How has COVID-19 affected treatment? Can interventional and surgical treatments go ahead?

During the crisis, all services were reduced. Also, many people have been afraid to go to the hospital for their scheduled appointments and/or postponed their treatment - either interventional or surgical - because they were afraid of catching COVID-19.


We want to reassure people that hospitals are safe and patients can start or continue treatment in a safe environment. Services are gradually returning to normal.


Why must patients attend appointments and not postpone treatment?

To delay seeking help or to postpone your interventional or surgical procedure can be dangerous. The fear of catching COVID-19 in clinics has created another crisis inside the COVID-19 crisis because many patients are overlooking their treatment and appointments.


For some patients, this could be even more dangerous than catching COVID-19. As services resume, we are now seeing many patients with a worse condition than expected because they missed their appointment for a consultation or interventional procedure. This is creating a new urgency. Make sure you attend all appointments as scheduled and if you have doubts about your condition, get in contact with your specialist.


Are current COVID treatments safe for congenital heart disease patients?

In general, yes, medications and treatments for COVID-19 are as safe for congenital heart disease patients as for other cardiac patients. However, what is ‘safe’ varies from patient to patient.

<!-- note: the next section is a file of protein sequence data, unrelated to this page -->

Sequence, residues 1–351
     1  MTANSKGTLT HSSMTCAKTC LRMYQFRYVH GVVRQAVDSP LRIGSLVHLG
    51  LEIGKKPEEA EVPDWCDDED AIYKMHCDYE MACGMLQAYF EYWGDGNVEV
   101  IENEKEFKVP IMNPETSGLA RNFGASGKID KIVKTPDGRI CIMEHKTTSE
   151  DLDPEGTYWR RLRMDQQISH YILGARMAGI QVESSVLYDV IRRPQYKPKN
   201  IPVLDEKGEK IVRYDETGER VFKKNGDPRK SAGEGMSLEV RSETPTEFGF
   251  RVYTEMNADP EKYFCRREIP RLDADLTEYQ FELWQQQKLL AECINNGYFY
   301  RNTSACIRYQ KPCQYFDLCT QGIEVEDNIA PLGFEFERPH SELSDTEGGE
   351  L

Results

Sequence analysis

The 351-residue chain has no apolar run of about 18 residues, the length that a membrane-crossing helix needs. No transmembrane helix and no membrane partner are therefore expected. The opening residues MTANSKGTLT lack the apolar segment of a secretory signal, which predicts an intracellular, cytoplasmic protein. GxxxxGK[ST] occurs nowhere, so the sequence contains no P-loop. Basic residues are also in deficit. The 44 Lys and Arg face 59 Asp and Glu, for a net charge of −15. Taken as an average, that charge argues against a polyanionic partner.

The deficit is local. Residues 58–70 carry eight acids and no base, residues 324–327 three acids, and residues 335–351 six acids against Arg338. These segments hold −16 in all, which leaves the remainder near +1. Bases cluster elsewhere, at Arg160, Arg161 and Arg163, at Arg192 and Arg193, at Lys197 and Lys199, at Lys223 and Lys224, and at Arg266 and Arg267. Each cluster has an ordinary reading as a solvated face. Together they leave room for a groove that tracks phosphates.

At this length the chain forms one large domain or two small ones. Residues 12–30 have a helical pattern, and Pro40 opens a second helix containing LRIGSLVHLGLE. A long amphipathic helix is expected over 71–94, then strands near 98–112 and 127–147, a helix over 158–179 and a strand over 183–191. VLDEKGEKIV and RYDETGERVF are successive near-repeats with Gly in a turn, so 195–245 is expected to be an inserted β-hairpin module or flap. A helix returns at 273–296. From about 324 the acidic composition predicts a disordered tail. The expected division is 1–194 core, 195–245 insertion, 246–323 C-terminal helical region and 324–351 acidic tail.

In principle, there is no general rule for congenital heart disease patients with COVID-19 because each one has their own individual needs. Treatment must be personalised.


Professor Di Salvo has extensive knowledge and skill in treating congenital heart disease among other cardiovascular conditions. Visit Professor Di Salvo’s profile to learn how he can help you and to get in touch.

By Professor Giovanni Di Salvo

Professor Giovanni Di Salvo is a highly experienced consultant cardiologist based at the Royal Brompton Hospital, London. Professor Di Salvo trained in Italy, where he completed both a Master's and PhD in his field of expertise, cardiology. He has worked in numerous locations around the world, including Naples, where he still has a strong connection, Saudi Arabia, Belgium, and London.

He is at the leading edge of developments in echocardiology and his specialities include paediatric cardiology, cardiomyopathy, 3D echo, and transoesophageal echocardiography. Due to his expertise, Professor Di Salvo has lectured extensively, with teaching positions in the Second University of Naples, the Al Faisal University in Saudi Arabia, and at the Imperial College of London. He has written and published over 175 research papers, featured in the European Heart Journal, and the Journal of the American College of Cardiology, among many more.